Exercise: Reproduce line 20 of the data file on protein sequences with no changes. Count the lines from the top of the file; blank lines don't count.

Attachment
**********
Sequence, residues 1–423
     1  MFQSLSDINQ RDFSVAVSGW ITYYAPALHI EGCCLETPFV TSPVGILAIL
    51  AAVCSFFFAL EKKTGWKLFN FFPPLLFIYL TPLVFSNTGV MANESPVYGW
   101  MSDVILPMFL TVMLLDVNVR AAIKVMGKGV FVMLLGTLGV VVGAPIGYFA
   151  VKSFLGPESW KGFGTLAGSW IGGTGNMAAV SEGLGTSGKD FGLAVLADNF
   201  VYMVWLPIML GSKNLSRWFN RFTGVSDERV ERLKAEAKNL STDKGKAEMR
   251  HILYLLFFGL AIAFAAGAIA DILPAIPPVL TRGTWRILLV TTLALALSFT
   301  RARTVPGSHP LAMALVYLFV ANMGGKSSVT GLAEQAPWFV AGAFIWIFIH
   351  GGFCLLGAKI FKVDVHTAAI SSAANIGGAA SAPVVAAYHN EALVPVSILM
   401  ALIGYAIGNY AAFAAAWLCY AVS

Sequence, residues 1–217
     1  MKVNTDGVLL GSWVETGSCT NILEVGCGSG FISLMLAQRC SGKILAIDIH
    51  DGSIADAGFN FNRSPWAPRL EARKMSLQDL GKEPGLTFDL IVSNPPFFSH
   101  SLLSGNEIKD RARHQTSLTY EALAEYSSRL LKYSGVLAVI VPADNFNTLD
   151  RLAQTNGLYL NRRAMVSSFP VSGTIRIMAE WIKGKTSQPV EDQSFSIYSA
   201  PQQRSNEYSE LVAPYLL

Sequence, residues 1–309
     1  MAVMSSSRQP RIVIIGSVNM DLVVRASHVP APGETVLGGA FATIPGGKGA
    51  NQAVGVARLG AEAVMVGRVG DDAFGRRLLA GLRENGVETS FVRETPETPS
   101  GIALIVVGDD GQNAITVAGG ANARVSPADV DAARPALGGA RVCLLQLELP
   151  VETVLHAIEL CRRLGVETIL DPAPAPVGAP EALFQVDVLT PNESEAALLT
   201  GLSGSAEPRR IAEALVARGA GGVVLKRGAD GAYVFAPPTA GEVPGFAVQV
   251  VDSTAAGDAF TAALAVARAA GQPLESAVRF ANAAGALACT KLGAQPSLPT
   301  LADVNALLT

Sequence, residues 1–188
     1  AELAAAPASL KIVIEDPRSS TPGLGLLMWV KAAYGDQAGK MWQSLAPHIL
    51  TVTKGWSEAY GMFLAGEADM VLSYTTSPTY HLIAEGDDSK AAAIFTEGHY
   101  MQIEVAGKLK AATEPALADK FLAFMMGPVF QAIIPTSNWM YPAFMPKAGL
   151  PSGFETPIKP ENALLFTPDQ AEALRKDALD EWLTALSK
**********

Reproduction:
   101  GIALIVVGDD GQNAITVAGG ANARVSPADV DAARPALGGA RVCLLQLELP